A diabetic woman detained by Immigration and Customs Enforcement (ICE) and held in a Corrections Corporation of America (now called CoreCivic) detention center had her medication thrown away, Rewire reports.
Brenda Menjivar Guardado, from El Salvador, was detained in June at the T. Don Hutto Detention Center, which is used to detain asylum-seeking women as their asylum case goes through the courts. Guardado has Type 1 diabetes, but had managed her condition throughout her journey to the United States. Once she was in ICE custody, however, her medicine was thrown away, according to Rewire.
While detained at Hutto, Guardado was given new medication, but it was ineffective. According to a press release from Grassroots Leadership, Guardado's glucose skyrocketed to 452, with normal glucose levels being between 90 and 100. When she asked for improved medication, officials at Hutto told her to drink more water. They also stated she should go back to El Salvador if she wanted better care.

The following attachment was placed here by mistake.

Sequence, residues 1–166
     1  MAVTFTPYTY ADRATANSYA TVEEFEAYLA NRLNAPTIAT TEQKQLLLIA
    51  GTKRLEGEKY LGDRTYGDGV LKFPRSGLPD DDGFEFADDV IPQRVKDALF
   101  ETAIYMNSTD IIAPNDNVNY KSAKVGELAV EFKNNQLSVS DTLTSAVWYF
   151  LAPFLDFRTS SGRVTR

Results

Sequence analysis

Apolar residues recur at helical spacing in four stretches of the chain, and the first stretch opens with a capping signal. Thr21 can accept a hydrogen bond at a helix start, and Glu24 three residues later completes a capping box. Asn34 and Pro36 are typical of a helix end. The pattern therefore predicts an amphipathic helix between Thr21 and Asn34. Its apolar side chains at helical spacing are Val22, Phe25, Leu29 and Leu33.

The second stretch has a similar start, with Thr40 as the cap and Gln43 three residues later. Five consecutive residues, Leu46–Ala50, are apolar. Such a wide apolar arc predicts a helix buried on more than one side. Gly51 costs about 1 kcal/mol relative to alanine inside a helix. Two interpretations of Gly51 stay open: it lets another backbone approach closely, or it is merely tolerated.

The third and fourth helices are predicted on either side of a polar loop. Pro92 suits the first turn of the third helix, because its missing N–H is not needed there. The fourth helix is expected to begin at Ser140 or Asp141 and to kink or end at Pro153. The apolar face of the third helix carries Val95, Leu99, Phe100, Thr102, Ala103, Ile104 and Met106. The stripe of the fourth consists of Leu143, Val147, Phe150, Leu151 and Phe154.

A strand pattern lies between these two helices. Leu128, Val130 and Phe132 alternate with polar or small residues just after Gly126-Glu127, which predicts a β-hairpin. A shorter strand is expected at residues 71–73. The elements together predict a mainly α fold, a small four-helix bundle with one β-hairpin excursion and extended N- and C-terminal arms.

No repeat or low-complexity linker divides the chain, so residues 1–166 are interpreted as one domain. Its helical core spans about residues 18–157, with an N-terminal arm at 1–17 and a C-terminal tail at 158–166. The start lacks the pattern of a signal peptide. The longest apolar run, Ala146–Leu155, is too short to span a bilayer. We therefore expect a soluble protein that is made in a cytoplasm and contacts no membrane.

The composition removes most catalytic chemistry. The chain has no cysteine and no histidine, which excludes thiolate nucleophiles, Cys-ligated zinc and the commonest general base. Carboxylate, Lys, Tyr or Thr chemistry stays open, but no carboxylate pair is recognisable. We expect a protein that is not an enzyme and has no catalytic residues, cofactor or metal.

American Gateways, a pro bono legal service that aids women in Hutto, tried to get her removed from custody due to Guardado's medical emergency, but the request was denied. Though Guardado fears for her life in El Salvador, she decided to accept deportation in hopes of receiving improved medical care. She is currently detained in Laredo as she awaits her deportation.
The Hutto Detention Center is operated by CoreCivic (formerly Corrections Corporation of America), a for-profit prison company with a history of medical neglect. CoreCivic also operates multiple other immigrant detention centers and prison throughout Texas.